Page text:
Caylee’s Death was a Homicide, it doesn’t matter how we look at it, that is a Crime and the Person responsible has to pay the Consequences.
    Consequently the State won’t be the One giving Casey the DP if she is convicted, the State just put it on the Table.
    I have mixed Feelings about the DP, I don’t believe we have a Right to kill any one as Punishment for a Crime.
    At the same time if someone would kill one of my Children, I believe I wouldn’t have a Problem with the DP, does that make me a bad Person, I would hope not.
    It was a good Hearing today and the Judge was fair to both Sides and correct in his Rulings after carefully explaining why he came to rule a certain Way. JMO

    • Andrea
      May 11 2010

      Hilde, you are surely not a bad person for thinking that way. You make marvelous points here and I agree with you wholeheartedly that the state and the judge have followed the law as it stands. Now, it will be up to the jury, as the arbiters of fact, to make the ultimate decision here. We are more than a year away from this decision and so much could change from now until then. The fact remains, I agree that the judge was very conscientious and cited the case law very carefully in weighing his decision. I was surprised that he ruled so quickly, but he evidently did his homework!

      Thanks so much, dear Hilde… 🙂

  6. michellefrommadison
    May 11 2010

    Based upon the evidence produced by the prosecution, together will all of the infractions of the prosecution’s witnesses including the investigators and the police and the sheriffs department, the defense certainly does not have to fear a death penalty issue. A death penalty can only be imposed if Casey if found guilty of first-degree murder of Caylee, and there is not enough evidence against Casey to accomplish that, at least according to many Experts.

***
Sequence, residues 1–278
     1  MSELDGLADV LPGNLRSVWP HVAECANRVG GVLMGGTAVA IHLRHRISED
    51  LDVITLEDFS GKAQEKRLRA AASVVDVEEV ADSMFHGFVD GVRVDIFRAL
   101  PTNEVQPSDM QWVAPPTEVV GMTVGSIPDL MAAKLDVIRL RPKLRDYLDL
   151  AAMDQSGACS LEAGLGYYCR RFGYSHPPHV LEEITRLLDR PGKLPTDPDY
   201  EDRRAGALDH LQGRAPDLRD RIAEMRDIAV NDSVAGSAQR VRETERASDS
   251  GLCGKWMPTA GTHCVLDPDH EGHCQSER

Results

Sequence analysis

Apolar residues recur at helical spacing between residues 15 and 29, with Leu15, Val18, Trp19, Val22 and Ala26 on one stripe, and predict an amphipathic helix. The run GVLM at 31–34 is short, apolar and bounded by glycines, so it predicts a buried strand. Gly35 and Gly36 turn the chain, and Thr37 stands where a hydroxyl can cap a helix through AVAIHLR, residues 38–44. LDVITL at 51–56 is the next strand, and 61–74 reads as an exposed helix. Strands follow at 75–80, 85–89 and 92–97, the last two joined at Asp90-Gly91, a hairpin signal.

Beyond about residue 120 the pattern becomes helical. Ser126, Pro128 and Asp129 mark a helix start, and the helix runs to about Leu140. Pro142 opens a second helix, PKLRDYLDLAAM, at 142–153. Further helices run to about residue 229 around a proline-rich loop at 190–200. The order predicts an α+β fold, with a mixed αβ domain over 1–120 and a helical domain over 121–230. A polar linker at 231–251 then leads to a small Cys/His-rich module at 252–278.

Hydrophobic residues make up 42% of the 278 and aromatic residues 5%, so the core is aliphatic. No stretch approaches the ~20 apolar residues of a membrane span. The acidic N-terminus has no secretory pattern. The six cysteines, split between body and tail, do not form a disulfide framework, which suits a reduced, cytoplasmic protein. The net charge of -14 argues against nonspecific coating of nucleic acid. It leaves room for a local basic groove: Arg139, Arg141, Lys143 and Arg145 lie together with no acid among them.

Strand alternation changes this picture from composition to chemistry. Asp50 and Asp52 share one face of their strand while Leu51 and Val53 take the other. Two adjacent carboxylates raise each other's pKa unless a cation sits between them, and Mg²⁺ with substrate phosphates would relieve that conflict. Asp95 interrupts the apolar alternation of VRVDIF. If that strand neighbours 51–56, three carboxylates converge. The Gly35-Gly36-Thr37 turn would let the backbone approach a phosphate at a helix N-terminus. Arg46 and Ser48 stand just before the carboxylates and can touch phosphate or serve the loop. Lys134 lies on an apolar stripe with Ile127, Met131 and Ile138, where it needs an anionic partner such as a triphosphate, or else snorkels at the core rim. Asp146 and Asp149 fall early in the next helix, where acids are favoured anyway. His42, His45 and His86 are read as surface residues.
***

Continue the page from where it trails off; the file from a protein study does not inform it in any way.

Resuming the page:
7. Ideas
    May 11 2010

    God has put man in charge of himself, his family, and his society within certain written and unwritten laws. The ancient laws were set up for one nation in particular, and even they didn’t follow them strictly. That nation does not exist anymore in the same manner, and every nation now has it’s own civil laws.

    But I think it’s man’s responsibility to maintain his society and keep it safe. That’s why we have prisons. However, our court system is a mess, LE and prisons have their hands tied in doing their jobs.

    When someone decides to heinously snuff out someone else’s life, he has forfeited his own rights to life and opportunities to rehabilitate back into society. If his life is changed in prison, that change will hopefully include making peace with his Maker, and accepting his punishment. Death row is much too lengthy a time period, and causes suffering and a burden to society. Makes no sense.

    • michellefrommadison
      May 11 2010

      Actually, if they chose to snuff out someone as you claim, they actually do not lose their rights as you also claim, at least not in the United States of America. And, thank God for that because there have been many, many who have been falsely accused in the past, even in this current day and age. Well, at least according to the facts. 🙂

  8. Andrea
    May 11 2010

    Hi Ideas,

    Thank you for your thoughtful comments here.

    It is a terrible dilemma you describe: how does society balance good and evil?

    How do we protect the innocent?

    We cannot protect everyone from harm, because that is not the natural order of the universe. But, we can stop a person who has been shown to be a murderer. We can stop them from harming others by placing them in custody all the rest of their days.

    I’d like to think that perhaps they will repent and find a place of peace in their minds. They, after all, must live with themselves – if that is not hell, I don’t know what is.

    You’re right, death row makes little sense and costs so much both financially and otherwise. I would prefer we use those funds to assist the innocent victims of the murderer.

    Thank you again, Ideas.

  9. Venice
    May 11 2010

    What a GREAT day!!!!